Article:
A team led by Alex Haff of NYU’s Science of Music school recently debuted a DIY paper circuit project dubbed Draw MIDI.
The digital-based platform uses capacitance sensing to collect electrical signals from a pencil-and-paper keyboard. The signals are converted to MIDI with an Atmel-based Arduino Uno (ATmega328) that sends the code to a PC via a Max patch.
“While this project can technically be done on Windows, it takes a bit of finagling. We recommend Mac OSX. Because Draw MIDI is a digital project, you’ll also need some code. For this project, Alex used both an Arduino sketch and a Max patch. You can find each of them here and here,” Haff explained in a recent blog post.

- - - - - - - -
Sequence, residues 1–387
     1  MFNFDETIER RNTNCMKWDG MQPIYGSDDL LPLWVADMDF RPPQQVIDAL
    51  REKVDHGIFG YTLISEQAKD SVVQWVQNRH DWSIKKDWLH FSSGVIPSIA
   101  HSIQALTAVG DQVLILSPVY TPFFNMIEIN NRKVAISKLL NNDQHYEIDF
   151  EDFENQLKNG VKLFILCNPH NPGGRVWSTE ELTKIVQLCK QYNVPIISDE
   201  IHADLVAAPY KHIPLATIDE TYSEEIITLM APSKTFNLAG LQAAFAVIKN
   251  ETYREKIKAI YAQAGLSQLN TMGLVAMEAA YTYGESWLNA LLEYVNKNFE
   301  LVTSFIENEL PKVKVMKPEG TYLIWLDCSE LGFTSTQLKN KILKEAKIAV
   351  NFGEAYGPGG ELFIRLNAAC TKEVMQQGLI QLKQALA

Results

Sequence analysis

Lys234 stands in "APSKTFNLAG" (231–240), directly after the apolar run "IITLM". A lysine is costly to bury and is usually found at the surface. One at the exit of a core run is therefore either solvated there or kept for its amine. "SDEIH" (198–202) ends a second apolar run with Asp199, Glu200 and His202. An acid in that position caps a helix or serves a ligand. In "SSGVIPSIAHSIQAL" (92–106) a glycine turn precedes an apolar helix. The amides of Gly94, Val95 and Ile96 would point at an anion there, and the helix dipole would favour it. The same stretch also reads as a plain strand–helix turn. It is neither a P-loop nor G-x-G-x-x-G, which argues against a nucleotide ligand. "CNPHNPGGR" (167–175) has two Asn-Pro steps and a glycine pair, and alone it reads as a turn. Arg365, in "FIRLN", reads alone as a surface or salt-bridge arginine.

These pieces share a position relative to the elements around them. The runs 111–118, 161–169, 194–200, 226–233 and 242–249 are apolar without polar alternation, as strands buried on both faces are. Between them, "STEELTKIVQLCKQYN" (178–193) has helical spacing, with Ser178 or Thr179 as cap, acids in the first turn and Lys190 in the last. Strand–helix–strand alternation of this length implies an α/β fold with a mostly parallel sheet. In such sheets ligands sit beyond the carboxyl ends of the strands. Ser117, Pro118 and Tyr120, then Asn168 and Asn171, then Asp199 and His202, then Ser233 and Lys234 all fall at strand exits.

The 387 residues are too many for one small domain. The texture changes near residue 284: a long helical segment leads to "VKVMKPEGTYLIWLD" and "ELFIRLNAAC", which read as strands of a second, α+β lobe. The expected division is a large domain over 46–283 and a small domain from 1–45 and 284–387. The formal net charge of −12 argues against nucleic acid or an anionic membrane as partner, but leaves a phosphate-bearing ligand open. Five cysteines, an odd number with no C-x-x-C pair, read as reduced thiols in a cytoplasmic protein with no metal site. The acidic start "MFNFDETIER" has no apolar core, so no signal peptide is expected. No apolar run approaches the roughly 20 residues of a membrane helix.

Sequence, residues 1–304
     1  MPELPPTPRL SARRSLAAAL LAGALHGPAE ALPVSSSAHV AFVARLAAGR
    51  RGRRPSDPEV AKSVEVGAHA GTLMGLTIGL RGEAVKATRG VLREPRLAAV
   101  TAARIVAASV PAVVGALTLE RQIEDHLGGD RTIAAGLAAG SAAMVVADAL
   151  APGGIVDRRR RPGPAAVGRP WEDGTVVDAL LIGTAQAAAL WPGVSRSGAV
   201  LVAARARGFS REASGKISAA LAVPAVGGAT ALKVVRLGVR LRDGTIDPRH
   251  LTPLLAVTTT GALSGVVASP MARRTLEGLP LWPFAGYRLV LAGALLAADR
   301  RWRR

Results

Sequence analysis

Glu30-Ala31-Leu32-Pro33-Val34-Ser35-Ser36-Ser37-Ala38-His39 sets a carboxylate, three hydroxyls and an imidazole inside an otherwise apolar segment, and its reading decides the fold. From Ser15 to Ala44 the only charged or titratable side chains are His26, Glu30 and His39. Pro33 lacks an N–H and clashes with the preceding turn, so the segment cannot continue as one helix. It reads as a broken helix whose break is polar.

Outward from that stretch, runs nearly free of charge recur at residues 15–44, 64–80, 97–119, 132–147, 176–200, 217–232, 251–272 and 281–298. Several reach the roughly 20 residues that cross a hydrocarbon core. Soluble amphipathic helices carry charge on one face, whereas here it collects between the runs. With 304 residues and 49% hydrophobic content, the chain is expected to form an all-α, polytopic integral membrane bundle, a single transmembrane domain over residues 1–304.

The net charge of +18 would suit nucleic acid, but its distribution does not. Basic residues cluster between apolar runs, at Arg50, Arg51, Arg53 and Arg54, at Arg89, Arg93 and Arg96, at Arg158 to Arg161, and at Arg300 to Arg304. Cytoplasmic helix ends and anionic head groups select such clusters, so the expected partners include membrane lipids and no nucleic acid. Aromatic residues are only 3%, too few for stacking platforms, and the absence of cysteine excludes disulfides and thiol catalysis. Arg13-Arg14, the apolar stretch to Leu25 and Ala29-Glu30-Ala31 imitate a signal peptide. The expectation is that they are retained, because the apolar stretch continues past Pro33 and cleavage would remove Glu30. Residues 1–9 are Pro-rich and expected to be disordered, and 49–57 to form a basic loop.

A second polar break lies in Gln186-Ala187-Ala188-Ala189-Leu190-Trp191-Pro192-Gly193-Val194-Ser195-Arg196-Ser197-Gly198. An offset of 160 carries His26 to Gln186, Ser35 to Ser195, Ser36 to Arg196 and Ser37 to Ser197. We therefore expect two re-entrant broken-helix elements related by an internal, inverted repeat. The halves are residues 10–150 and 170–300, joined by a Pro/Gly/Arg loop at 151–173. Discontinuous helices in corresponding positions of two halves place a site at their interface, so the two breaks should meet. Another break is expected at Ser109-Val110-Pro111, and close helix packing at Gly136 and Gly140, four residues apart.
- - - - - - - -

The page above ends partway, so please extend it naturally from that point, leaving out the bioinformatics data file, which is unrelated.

“The Arduino code will run in the controller’s software on your computer. The Max patch will need to be run in Max. If you don’t own Max, never fear. You can copy and paste the code into Max’s free runtime application.”
As Haff points out, paper circuits have been making their way around the DIY tech world for some time now due to low-cost components which offer significant potential for cheap mass production.
“For DIY, they offer similar affordability, a great availability of materials, and they’re just plain fun. There’s a novelty in creating something interactive from ink and graphite. Usually, our words and drawings can’t fly off the page, but with the addition of electronics they can light up or be heard,” he said.